The five regulators released a draft of the guidance in early March, and have been consulting both internally and externally on how to refine the standards that will guide how depository lenders make loans to borrowers with damaged credit.

    The draft called on mortgage lenders to take more care when dealing with less credit-worthy borrowers by assessing whether they can cover long-term payments and warning them about hidden costs.

    It also asks lenders to weigh a “borrower’s ability to repay the debt by its final maturity at the fully indexed rate.”

    That provision is tougher than many lenders had hoped, as qualifying borrowers at the “fully indexed rate” could put a crimp in standards that evolved during the housing boom.

    The sources, who are familiar with the regulators’ deliberations, said the final guidance will largely track the earlier draft.

    This week, John Dugan, Comptroller of the Currency, told Reuters that he expected the guidance to strengthen language to curb the practice of little or no documentation of a borrower’s ability to repay.

    Regulators hope to release the guidance before noon Friday, one source said.

    The guidance will come from the Federal Reserve Board, the Office of the Comptroller of the Currency, the Federal Deposit Insurance Corp., the Office of Thrift Supervision and National Credit Union Administration.

  130. James Bednar says:

    For those interested in reading through the proposed guidance in preparation for the release.

    http://www.occ.treas.gov/fr/fedregister/72fr10533.pdf

    jb

  131. Clotpoll says:

    HE (131)-

    Everyone loves the smell of his own s**t.

    -Dylan Thomas

  132. BC Bob says:

    clot [134],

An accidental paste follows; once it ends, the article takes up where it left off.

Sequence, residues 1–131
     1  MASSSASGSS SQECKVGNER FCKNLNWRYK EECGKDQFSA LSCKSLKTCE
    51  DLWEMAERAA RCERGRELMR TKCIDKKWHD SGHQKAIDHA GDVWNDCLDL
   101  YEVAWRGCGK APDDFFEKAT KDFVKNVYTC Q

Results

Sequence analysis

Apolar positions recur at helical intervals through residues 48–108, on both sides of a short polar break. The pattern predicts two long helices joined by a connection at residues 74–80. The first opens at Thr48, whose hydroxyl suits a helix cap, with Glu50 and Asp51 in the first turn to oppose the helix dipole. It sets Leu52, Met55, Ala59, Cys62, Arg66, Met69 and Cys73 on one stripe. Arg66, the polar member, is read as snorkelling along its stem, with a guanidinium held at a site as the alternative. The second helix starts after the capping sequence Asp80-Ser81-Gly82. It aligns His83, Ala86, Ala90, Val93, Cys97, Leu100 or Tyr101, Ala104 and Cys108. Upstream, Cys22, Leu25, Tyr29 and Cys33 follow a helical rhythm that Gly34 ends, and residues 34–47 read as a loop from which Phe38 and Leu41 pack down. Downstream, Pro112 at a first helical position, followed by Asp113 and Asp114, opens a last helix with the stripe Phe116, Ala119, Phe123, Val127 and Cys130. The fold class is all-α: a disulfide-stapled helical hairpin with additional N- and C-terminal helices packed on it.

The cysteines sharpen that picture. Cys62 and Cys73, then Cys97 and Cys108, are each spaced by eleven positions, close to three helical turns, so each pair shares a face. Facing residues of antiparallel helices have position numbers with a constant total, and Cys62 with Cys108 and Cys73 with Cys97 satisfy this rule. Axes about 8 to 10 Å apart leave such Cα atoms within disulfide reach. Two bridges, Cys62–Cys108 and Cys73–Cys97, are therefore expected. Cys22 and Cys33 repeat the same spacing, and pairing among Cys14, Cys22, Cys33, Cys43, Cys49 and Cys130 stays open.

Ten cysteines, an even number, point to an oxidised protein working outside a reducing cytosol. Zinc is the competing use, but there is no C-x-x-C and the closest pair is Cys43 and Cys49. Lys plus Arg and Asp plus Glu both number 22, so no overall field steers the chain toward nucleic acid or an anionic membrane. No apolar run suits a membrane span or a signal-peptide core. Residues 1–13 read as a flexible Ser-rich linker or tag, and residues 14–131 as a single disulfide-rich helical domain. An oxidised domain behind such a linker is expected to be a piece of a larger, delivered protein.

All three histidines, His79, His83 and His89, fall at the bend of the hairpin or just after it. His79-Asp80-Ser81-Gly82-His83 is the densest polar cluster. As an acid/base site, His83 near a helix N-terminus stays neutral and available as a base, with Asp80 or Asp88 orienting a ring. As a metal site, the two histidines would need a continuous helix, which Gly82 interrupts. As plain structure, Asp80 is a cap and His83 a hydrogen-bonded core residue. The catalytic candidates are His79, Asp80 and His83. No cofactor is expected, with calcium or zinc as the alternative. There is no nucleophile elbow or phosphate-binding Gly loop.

Though, if they are up to their nose in s**t, it may be wise to keep their mouth shut.

  133. Richard says:

    i have a 2 family and it’s increase in rent time. i’m upping it 6%. i’m not making out. most of the increase goes into higher utility and maintenance bills (yes i do cover some utilities). unlike make_money i actually care about my tenants and have healthy relationships with them. when you’re a landlord it’s the best arrangement. my profit after PITI is in the 10-12% range. if you can’t at least do this amount there’s no point in buying today and from what i see it’s hard to find properties that will break even.

  134. Clotpoll says:

    ChiFi (130)-

    “While avoiding making any forecasts, Sauter points out that growth stocks are gaining ground after years of taking a back seat to more value-oriented fare. “I sure wouldn’t be taking a big value bet right now,” he said. “Growth seems to be coming back.”

    People actually pay money to this guy to state painfully-obvious, months-old stuff like the above?

  135. Pooch123 says:

    Whats with the lack of comments tonight?

  136. dreamtheaterr says:

    #137 I think it was Gussie boy’s way to take a potshot at Falafel.